D.O.B. January 6, 1984
Slama was signed by the Minnesota Twins in 2007, after finishing up his senior year at the University of San Diego. He also spent time with Santa Ana College, after playing his scholastic ball at Mater Dei (CA) High School. He was drafted by the Twins in the 39th round of the 2006 draft, but decided to go back to University of San Diego for his third senior season.
During his two years at San Diego, Slama appeared in a combined 49 games, posting a 3.18 during his final season. In 2005, Slama had a 6.18 earned run average, so his senior season was a huge success. Once he signed with the Twins, Slama headed right to Elizabethton, where he joined the Twins bullpen.
Slama appeared in only six games for the Twins, posting an earned run average under 3.00, and was promptly promoted to Beloit of the Midwest League. The young right-hander was just as dominant for the Snappers, as he had an earned run average under 2.00. He appeared in 21 games for the Snappers, posting a 1.48 earned run average, making most of his appearances as the team's closer.
Slama saved ten games, striking out 39 batters in a little over 24 innings of work, giving him 14 saves combined for the year. It was clear that he was ready for the Florida State League in 2008.
No-one could have expected the kind of season that Slama had in 2008, as he was arguably the best relief pitcher in all of minor league baseball. Appearing 51 games for the Fort Myers Miracle, Slama put up ridiculous statistics. The right-hander saved 25 games, had an earned run average of 1.01, and struck out 110 batters in only 71.0 innings of work. Incredibly, his strikeout total equated to 13.94 batters per nine innings, and put him in the top ten in the system in strikeouts.
For his efforts, Slama was named Baseball America Class A Advanced Relief Pitcher of the Year. He was also a Florida State League All-Star, an Arizona Fall League Rising Star, and a Baseball America High-A All-Star. He was also given the Jim Rantz Award, given to the Twins Minor League Pitcher of the Year. Overall, it was a banner season for Slama.
In October, Slama sat down with TwinCitiesDugout.com for an interview.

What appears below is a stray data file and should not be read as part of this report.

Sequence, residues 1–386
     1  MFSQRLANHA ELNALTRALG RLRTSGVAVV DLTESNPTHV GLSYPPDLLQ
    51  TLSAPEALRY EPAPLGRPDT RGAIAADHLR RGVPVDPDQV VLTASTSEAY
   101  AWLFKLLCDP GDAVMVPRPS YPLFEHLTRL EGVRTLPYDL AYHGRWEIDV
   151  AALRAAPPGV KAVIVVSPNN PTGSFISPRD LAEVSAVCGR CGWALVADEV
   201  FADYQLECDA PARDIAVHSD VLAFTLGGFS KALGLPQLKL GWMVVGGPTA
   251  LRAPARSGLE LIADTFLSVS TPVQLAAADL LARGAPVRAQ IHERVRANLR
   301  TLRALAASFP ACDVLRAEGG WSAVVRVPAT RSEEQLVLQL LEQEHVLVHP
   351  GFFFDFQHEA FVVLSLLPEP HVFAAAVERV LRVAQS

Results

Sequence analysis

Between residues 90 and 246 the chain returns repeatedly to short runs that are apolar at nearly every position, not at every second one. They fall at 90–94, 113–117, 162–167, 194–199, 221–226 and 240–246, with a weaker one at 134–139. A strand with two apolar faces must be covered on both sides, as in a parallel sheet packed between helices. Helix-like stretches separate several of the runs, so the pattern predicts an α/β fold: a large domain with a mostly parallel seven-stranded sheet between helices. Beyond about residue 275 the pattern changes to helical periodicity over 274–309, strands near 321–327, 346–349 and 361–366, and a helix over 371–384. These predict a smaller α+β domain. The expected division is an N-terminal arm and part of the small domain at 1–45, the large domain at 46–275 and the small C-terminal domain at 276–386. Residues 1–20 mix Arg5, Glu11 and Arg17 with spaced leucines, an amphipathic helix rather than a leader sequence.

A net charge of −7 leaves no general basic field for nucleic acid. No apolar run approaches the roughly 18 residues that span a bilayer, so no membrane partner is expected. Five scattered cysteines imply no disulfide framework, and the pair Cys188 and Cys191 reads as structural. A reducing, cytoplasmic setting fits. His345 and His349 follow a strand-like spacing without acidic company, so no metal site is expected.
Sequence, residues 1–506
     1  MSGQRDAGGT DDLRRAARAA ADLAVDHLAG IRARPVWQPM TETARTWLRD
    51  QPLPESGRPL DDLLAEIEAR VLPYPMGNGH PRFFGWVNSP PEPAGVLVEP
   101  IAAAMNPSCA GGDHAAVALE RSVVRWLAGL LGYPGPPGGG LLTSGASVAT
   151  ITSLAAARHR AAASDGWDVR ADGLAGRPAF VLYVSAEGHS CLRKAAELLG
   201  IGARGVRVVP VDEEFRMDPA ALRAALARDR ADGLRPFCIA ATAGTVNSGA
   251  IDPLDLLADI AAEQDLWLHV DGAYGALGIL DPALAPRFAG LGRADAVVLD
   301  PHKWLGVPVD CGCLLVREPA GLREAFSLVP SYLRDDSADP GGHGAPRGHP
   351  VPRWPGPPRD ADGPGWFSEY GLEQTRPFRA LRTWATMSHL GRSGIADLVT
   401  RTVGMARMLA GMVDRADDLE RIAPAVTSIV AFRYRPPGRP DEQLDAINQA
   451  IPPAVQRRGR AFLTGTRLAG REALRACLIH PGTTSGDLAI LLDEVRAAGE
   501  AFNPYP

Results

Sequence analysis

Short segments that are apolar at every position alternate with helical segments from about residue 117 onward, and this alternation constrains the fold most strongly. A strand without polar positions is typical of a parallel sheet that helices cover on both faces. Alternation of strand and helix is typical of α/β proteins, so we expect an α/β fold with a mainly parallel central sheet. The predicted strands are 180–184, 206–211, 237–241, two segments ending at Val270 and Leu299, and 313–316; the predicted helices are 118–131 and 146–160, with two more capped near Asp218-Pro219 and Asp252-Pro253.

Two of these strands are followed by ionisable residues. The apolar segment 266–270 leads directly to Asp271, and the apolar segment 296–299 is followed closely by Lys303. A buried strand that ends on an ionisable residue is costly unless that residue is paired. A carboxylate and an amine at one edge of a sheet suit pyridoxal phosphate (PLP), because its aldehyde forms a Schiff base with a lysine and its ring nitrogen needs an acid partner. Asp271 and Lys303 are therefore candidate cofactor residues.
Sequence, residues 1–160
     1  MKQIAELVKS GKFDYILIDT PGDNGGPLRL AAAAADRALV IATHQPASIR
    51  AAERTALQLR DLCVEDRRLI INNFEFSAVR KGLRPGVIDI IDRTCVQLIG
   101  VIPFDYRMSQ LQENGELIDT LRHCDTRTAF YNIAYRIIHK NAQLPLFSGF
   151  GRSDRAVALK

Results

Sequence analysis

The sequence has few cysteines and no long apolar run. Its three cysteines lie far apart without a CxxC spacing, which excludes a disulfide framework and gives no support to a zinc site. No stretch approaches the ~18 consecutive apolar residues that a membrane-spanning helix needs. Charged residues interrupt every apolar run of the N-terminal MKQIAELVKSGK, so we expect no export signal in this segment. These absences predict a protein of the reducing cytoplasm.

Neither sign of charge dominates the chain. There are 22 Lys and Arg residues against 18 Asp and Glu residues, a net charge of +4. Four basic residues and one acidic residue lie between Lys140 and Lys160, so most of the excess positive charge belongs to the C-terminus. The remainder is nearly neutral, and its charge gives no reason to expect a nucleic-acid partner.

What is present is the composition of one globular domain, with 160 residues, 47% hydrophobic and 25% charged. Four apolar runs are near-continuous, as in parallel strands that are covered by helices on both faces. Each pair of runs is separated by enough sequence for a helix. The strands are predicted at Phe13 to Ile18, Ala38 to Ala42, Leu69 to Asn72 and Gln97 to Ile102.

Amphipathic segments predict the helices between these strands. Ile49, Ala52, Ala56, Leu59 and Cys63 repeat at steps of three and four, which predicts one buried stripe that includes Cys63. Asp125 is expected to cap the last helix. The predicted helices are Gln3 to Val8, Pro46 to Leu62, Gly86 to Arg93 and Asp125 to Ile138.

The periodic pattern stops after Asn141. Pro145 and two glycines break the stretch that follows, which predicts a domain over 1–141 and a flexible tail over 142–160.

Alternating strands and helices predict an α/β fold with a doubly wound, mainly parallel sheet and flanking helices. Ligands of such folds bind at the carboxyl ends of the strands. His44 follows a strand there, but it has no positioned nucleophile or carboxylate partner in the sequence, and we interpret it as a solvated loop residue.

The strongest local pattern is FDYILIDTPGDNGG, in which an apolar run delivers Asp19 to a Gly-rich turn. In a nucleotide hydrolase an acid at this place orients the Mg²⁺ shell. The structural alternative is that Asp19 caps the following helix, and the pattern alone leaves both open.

Slama is slated to open the 2009 season in New Britain, but could be in the major leagues by the end of the season.
Repertoire. Fastball, Slider, Changeup.
Fastball. Slama has a low-90s fastball, which he has pinpoint control over. The young right-hander does not throw very hard for a late inning relief guy, but you cannot argue with results. He can place the pitch wherever he wants, and uses it as an advantage. He recognizes it as his strikeout pitch.
Other Pitches. When we spoke to Slama back in September, he told us that any of his pitches can be an outpitch, because he is able to throw any pitch in any situation. Though he feels his fastball is a strikeout pitch, he also told us that his slider could be considered a strikeout pitch as well, and he is gaining confidence in his changeup. Whichever way you slice it, Slama has a very good three-pitch arsenal.
Projection. Not much question here, as Slama has been a relief pitcher since college. He is arguably the best relief pitcher in the entire Minnesota Twins system, and he proved that statement right in 2008. He seems to get better with promotions, and will be the closer for the New Britain Rock Cats in 2009. With Robert Delaney slated to open the season in Rochester, Slama will be the main guy in the pen for the Cats this season.
ETA. 2010. As I stated earlier, it is very possible that Slama could make his Major League debut in 2009. Depending on how good of a start he gets off to at New Britain, Slama could skip Rochester and just head to Minnesota if he looks as dominant as he did during the 2008 season. There is no doubt that he should be in Minnesota by 2010 at the latest, and the Twins are very excited about what he could bring to their bullpen.